Saturday, February 13, 2010


Well over half a day of travel time to and from the premiere of The Putt Putt Syndrome took a lot out of me. Tomorrow I should have a full detailing of the trip up on the blog. With videos, pictures, and stories, the post should be interesting to say the least.

I promised you all my new favorite site in my last post and was unable to deliver what with all the hubub about Winter Carnival and the scramble for New York. Now I present to you what I believe to be one of the coolest sites on the web.

Enter the Internet Archive and you will find a treasure trove of fascinating content. The archive is an attempt to catalogue the information on the internet into a sort of library accessible to anyone. At first I thought of Wikipedia. But instead of being a place to bring sources together into an article the Internet Archive contains the original documents, videos, music, audio, etc. The archive isn't just trying to preserve facts either. It's trying to preserve cultures.

This quote from the "about" page shows just was the Archive is trying to do.

Digitized information, especially on the Internet, has such rapid turnover these days that total loss is the norm. Civilization is developing severe amnesia as a result; indeed it may have become too amnesiac already to notice the problem properly. The Internet Archive is the beginning of a cure - the beginning of complete, detailed, accessible, searchable memory for society, and not just scholars this time, but everyone."
Stewart Brand, president, The Long Now Foundation

As I mentioned before the Archive has videos and music, not just text. It also has a function called the "Wayback Machine" which allows you to view the internet as it appeared in the past, in some cases all the way back to 1996. I haven't had the chance to fully explore the site and it's capabilities yet but what I have uncovered is fascinating. Here is an article someone else wrote on the wayback machine. It's kind of cool to see what the internet looked like long ago.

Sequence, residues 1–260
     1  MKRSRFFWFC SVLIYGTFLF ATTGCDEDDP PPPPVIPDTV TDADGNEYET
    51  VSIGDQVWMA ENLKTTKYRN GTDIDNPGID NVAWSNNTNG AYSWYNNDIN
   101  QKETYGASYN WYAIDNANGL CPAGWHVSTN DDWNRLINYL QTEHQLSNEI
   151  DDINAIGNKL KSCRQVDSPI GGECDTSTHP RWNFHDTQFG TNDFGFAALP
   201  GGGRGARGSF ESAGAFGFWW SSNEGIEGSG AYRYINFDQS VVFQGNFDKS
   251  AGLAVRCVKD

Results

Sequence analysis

Mostly I've been focusing on the "moving images" portion of the site. They have feature films that have run past their copyright and are now available for free. I found a few that are pretty neat that I plan on watching including "Things to Come" which looks like a very impressive sci-fi film for being made in 1936. I also found "Nosferatu" and "Plan 9 from Outer Space," both films I had planned on watching at some point. I've been giving examples of really old videos but there are much more modern ones as well.

The Archive isn't the easiest site to navigate and it can be difficult to know just what it is you are looking at sometimes but the possibility of finding gems in the pile of records is exciting. If however you don't feel like sifting through the archives yourself the curators update frequently with some of thier latest favorite videos, texts, songs, and more. You can also simply check what people are downloading the most in each section of the Archives.

The archives are stored on massive banks of computers in multiple locations to add redundant protection should something happen to the archive. Every day new information is added and catelogued. The process is really fascinating.
The Archives are like a Barnes and Noble store to me; I could go in and look around for hours, endlessly entertained, and never find just what I'm looking for. Or I might find something I would never have expected.

So check out the Internet Archives and see what you can discover.